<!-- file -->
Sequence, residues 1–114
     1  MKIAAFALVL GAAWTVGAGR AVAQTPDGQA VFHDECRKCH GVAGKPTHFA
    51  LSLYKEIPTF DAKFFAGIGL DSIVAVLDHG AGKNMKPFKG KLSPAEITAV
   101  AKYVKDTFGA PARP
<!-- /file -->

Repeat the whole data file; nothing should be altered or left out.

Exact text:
Sequence, residues 1–114
     1  MKIAAFALVL GAAWTVGAGR AVAQTPDGQA VFHDECRKCH GVAGKPTHFA
    51  LSLYKEIPTF DAKFFAGIGL DSIVAVLDHG AGKNMKPFKG KLSPAEITAV
   101  AKYVKDTFGA PARP